Shares of biobased diesel (i.e., biodiesel and renewable diesel) producers handily outperformed the market yesterday (see figure) on news that the fiscal cliff fix revived the biodiesel tax credit, which had previously been allowed to expire at the end of 2011. Investors in biodiesel producer Renewable Energy Group (NASDAQ:REGI) saw their shares rise 9%, while shares of Syntroleum (NASDAQ:SYNM), which operates renewable diesel producer Dynamic Fuels as a joint venture with Tyson Foods (NYSE:TSN), bounced more than 30% before settling for a 19% gain on the day. Even renewable diesel producer Amyris (NASDAQ:AMRS), which has experienced a share price decline of nearly 90% over the last two years, managed to beat the S&P 500.
AMRS data by YCharts
The biobased diesel credit, officially named the "Biodiesel Mixture Excise Tax Credit," is a refundable credit equal to $1 for every gallon of biodiesel or renewable diesel that is blended with conventional diesel. It is valuable to producers: as a refundable credit, it is first offset against the blender's fuel tax obligation and then taken as a direct monetary transfer from the IRS to the blender. In practice it is very similar to the old "Volumetric Ethanol Excise Tax Credit" (VEETC), or "blender's credit,", that prompted much controversy prior to its expiration in 2011. While the payments are made directly to blenders (i.e., refiners) from the IRS, most of the credit's value is passed on to the biobased diesel producers to incentivize production.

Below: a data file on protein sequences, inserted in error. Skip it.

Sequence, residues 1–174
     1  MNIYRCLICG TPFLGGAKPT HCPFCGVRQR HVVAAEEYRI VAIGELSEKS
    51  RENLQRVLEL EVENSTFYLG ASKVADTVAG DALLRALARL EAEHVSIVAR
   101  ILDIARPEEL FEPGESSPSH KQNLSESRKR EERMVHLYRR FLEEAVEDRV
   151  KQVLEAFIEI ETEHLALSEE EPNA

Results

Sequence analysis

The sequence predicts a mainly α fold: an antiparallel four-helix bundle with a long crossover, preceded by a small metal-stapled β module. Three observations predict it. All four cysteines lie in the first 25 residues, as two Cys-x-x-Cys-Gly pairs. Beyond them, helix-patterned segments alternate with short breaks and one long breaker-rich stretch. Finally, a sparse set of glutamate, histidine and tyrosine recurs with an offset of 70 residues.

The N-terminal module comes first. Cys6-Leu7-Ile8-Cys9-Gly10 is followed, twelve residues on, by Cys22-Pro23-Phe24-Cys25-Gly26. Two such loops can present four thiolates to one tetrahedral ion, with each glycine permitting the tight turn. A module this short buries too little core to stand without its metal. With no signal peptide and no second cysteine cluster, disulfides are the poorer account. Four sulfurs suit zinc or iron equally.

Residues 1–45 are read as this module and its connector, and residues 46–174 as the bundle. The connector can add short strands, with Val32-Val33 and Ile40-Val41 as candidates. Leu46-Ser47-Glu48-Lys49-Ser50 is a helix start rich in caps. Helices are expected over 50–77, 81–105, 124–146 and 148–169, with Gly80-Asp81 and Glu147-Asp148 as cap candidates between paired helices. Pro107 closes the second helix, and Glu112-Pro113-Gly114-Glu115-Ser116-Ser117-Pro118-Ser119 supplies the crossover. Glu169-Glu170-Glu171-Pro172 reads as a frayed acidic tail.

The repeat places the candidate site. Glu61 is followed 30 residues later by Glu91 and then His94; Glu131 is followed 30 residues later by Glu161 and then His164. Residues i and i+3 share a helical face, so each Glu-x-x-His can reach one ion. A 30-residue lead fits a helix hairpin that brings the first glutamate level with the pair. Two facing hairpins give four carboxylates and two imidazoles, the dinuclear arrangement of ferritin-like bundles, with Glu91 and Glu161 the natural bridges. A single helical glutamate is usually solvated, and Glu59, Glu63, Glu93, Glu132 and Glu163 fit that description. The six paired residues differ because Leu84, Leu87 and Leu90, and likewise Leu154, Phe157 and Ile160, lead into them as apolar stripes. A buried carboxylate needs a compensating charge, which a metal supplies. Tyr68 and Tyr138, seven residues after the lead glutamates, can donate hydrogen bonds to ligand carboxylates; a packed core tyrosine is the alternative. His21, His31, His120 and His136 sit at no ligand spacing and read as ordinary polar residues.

While very attractive to biobased diesel producers when taken at face value, the market appears to be responding as if the biobased diesel credit operates within a vacuum. This isn't the case, of course: biobased diesel producers and blenders also operate within the larger framework of the revised Renewable Fuel Standard (RFS2). (For more information on the underlying mechanism of the RFS2, see my previous article on the subject.) As a reminder, the RFS2 serves as a carrot for biofuel producers and a stick for refiners. Refiners (i.e., "obligated blenders") are required to meet the volumetric blending mandates of biofuels established by the Environmental Protection Agency (EPA) and purchase Renewable Identification Numbers (RIN) to demonstrate compliance with the mandate. Biofuel producers receive the value of the RINs on each gallon of biofuel sold to the refiners, in addition to the fuel's market value. These RINs can be very valuable to producers, with those for the biomass-based diesel category nearly reaching $2/RIN [pdf] in 2011, with each gallon qualifying for at least 1.5 RINs.